I think it’s because the ground is so dry and he’s not used to that. Most of the horses I’ve owned went barefoot, except one mare with a quarter crack. I kept her shod in front until the crack grew out, and she went barefoot for 20 more years. If it ever rains again I’ll have Scout’s shoes pulled and see how he does barefoot then. When I say “cracked” I mean tiny chips in the hoof wall all the way around both front feet. A little chipping behind, not nearly as bad. I’ll take a look at Omega Horse Shine. Thanks for your suggestions!July 23, 2014 at 2:40 pm
I have used Feibing’s (sp? too lazy to go and look) for over 40 years, and have been very happy with it.
It is never the horse's faultJuly 23, 2014 at 2:45 pm
Thank you! I meant to mention (too lazy to type!) that the Feibing’s can be used as often or as little as you feel a need. We wander back and forth between drowning or being so hot and dry that the corn pops in the fields. My boy never gets chips, but being an Arabian (and therefore originally bred for desert conditions) may have something to do with that. Also, you can rasp hooves yourself if necessary, to help prevent chips or cracks from getting worse between farrier visits.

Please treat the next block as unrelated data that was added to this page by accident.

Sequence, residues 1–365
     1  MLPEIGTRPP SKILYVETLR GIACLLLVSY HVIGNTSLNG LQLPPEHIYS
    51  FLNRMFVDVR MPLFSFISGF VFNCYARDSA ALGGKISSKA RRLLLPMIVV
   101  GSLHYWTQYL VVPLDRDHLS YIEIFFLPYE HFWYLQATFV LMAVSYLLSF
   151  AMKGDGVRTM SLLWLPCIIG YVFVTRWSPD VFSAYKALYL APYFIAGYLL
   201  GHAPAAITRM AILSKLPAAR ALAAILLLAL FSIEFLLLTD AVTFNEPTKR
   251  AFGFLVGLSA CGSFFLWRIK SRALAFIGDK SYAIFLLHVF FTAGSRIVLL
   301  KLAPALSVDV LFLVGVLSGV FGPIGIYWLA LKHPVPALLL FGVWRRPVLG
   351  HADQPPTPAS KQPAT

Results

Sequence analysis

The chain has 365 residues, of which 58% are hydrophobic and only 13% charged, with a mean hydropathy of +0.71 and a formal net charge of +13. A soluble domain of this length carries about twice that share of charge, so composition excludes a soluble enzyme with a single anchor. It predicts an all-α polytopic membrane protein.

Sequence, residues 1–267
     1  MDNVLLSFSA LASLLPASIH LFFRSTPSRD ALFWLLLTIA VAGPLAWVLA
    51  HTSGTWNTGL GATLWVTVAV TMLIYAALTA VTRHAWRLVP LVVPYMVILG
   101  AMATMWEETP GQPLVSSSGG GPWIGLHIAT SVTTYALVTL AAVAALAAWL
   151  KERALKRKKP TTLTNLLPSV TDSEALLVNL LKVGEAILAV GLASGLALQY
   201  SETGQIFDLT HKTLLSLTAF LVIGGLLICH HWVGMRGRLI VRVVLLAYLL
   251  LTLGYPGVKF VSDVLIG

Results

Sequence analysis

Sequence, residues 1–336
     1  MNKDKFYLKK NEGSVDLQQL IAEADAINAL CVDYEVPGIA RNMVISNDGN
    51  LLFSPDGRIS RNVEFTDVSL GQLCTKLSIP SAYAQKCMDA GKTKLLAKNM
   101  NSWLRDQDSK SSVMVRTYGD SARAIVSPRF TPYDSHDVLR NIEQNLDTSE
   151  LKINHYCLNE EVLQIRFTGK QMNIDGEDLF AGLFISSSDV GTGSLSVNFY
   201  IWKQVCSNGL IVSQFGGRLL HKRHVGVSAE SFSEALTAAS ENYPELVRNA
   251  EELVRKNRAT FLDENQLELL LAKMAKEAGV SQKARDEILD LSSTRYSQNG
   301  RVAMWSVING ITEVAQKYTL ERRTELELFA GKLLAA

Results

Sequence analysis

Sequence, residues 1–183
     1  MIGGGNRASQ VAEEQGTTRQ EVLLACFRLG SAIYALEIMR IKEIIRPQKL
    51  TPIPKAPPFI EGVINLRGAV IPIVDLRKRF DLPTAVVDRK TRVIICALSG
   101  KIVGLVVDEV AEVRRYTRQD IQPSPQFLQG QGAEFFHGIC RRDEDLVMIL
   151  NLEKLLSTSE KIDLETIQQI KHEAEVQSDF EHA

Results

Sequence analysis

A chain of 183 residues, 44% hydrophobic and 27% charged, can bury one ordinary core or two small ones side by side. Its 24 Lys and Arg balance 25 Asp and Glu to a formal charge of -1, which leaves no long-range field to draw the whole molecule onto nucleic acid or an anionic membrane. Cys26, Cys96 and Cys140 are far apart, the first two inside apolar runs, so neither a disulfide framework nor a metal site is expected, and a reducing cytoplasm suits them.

It is never the horse's faultJuly 24, 2014 at 10:57 am
I now have Bo’s and Feibling’s! This is a good thing, since we spend a lot of time in the mountains every summer, with the horse and dog, so I have duplicates of all essential horse-care products. Joe-Joe, I bought the Feibling’s it before I even read your comment just because I know it’s been around for so long. And I certainly hope you were exaggerating when you said it was so hot the corn popped in the fields! Thank you for your suggestions and tips, everybody. 😉July 24, 2014 at 11:18 amrluedersTopics Started: 5Replies Posted: 24
Hey! Just my quick two-cents: just make sure any product you buy is not alcohol based!! Alcohol will just dry out his feet even more. Many products use alcohol because, when applied, it gives the feet a glossy look and makes them look like their improving, but the feet end up getting worse, so users keep slathering more and more on their horses’ feet. I think the supplements and regular farrier work will be the most helpful, however. (:July 24, 2014 at 1:55 pm
Well, the corn does get dry enough to pop.
It is never the horse's faultJuly 24, 2014 at 2:52 pm
Thanks for your two cents, rlueders–good to know. There’s none in the Bo’s preparation. I will check Fielding’s.
Does anybody know how long it takes for a horse’s hoof to grow completely out?
Joe-Joe, does the corn pop because of the excessive heat, or does the corn pop because it has dried out inside the husk and then the heat makes it pop?